Gov’t sets up professional programmes accreditation committee


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The government has set up a standing committee to harmonise the accreditation of professional and technical programmes in institutions of higher learning.

Programme Accreditation Consultative Committee (PACC) will address the statutory conflicts that have seen professional bodies fail to approve programmes that Universities and colleges offer, a move that has created anxieties among students and parents.

The Cabinet Secretary for Education, Dr. Fred Matiang’i, said the committee will be the vehicle to review pending cases surrounding programmes that caused disagreements between professional bodies and the Universities.

Dr. Matiang’i said that PACC will be charged with the responsibility of reviewing programmes that have difficulties in terms of acceptability in the light of changing industry complexities.

The formation of the Committee follows disagreements between professional organisations, notably the Engineers Registration Board (ERB) and the Council of Legal Education (CLE) over the training of Engineering and Law programmes in some universities.

Dr. Matiang’i convened the meeting to explore ways and means of resolving the stalemate to allay the fears and anxieties among the students and parents of students who have enrolled in the programmes. Representatives of 17 professional bodies, with the exception of representatives of the Council for Legal Education (CLE), attended the meeting at the Ministry of Education headquarters at Jogoo House in Nairobi Monday.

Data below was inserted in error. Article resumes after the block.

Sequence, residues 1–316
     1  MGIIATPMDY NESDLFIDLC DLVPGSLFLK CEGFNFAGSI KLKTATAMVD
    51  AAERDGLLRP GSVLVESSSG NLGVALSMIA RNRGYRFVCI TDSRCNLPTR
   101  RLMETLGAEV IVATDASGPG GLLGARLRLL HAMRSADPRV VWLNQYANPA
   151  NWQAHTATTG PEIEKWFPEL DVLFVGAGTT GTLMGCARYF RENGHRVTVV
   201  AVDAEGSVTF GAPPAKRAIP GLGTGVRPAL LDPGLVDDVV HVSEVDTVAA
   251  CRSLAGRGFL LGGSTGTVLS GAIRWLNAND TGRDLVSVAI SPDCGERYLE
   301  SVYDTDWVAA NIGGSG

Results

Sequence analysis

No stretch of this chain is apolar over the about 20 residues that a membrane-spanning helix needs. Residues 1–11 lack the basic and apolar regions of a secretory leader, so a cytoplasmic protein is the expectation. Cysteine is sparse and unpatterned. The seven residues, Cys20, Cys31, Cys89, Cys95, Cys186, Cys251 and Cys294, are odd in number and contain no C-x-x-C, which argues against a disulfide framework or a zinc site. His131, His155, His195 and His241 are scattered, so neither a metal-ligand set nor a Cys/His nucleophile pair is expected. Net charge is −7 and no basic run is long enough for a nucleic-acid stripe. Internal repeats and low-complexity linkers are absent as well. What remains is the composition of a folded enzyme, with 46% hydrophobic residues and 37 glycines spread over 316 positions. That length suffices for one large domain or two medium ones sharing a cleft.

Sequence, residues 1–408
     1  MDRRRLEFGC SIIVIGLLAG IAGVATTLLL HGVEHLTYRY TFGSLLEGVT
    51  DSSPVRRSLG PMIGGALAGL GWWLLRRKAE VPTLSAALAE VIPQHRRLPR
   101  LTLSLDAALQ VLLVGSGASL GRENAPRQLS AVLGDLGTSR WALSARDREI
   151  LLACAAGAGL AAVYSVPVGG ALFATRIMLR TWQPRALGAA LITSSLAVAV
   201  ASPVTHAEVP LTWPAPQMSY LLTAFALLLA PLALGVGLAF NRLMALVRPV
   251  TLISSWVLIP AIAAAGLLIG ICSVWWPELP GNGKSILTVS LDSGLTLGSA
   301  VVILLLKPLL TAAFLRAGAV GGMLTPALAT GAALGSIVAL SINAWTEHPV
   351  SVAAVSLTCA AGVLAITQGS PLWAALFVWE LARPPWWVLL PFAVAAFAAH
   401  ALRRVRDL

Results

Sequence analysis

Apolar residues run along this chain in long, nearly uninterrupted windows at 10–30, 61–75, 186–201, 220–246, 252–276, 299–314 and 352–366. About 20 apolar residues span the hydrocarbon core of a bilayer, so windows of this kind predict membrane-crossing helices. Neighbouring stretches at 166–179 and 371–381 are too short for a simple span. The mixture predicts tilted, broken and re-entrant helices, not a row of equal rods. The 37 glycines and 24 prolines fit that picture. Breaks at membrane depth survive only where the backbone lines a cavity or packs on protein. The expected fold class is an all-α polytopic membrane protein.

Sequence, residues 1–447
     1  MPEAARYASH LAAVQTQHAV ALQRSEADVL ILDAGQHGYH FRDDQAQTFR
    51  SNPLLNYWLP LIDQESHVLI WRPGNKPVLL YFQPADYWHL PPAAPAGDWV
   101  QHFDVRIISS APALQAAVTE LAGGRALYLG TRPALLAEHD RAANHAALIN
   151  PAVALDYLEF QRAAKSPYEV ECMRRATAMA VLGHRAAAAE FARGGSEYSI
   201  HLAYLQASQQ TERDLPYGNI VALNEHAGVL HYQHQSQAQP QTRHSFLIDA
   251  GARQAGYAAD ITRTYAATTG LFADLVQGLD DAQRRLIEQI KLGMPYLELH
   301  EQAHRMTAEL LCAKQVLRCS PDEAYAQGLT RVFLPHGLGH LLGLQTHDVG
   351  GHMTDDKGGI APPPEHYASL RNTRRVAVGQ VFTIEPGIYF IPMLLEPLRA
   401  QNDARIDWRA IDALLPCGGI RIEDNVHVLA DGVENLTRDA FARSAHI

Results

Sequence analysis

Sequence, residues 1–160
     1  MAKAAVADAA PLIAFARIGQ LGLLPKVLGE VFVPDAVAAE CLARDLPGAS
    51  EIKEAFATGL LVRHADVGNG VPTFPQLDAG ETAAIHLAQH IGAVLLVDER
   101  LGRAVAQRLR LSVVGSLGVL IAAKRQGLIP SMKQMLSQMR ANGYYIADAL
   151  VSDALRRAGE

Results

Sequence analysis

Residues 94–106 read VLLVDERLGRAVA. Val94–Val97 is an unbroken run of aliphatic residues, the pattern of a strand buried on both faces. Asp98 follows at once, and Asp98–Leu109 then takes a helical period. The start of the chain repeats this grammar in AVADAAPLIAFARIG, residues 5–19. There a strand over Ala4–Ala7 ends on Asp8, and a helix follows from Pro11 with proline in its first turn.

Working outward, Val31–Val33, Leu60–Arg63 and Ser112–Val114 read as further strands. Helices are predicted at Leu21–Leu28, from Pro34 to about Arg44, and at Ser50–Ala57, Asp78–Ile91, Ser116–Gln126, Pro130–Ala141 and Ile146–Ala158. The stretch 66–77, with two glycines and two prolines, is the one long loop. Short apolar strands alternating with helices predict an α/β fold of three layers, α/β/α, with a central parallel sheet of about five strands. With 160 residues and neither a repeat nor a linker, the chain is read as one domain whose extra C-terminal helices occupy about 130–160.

Dr. Matiang’i said the stakeholders in higher education should be positive by looking for solutions to allay the fears and confusion students and parents were having.

“Ours is a public trust which all of us must discharge in ways that do not hurt the country,” Dr. Matiang’i said.

He said PACC, to be chaired by Professor Suda, will be the instrument to address any issue surrounding the disharmony between the standards professional bodies require and that Commission for University Education (CUE).

“We should not wait for professional bodies to outlaw a programme or students to riot over non-accreditation of a programme by a professional body, before we meet to address a problem.”

The standing committee, Dr. Matiang’i noted, should act as one-stop shop for all information regarding the accreditation status of professional programmes.

The Standing Committee will comprise of the Engineers Registration Board, Medical Practitioners and Dentists Board, Architectural Association of Kenya, Council of Legal Education, Kenya Medical Laboratory Technicians& technologist Board, Institute of Surveyors, Pharmacy and Poisons Board, Kenya Nutritionists Institute, Kenya Veterinary Board, Veterinary and Research Laboratories, Chartered Institute of Arbitrators, Chartered Institute of Certified Public Accountants.

Public Universities will be represented by the Moi University Vice Chancellor Prof.  Richard Mibey while the Vice Chancellor of Scott Christian University, Prof. Mumo Kisau, will represent Private Universities.

Other members include the Kenya Universities and Colleges Central Placement Service and the Commission for University Education (CUE) which accredits Universities and programmes some of which have been source of disagreements between it and professional organisations.

Dr. Matiang’i said higher education institutions and professional organisations will serve Kenyans, students and parents better through constant consultations through this committee.

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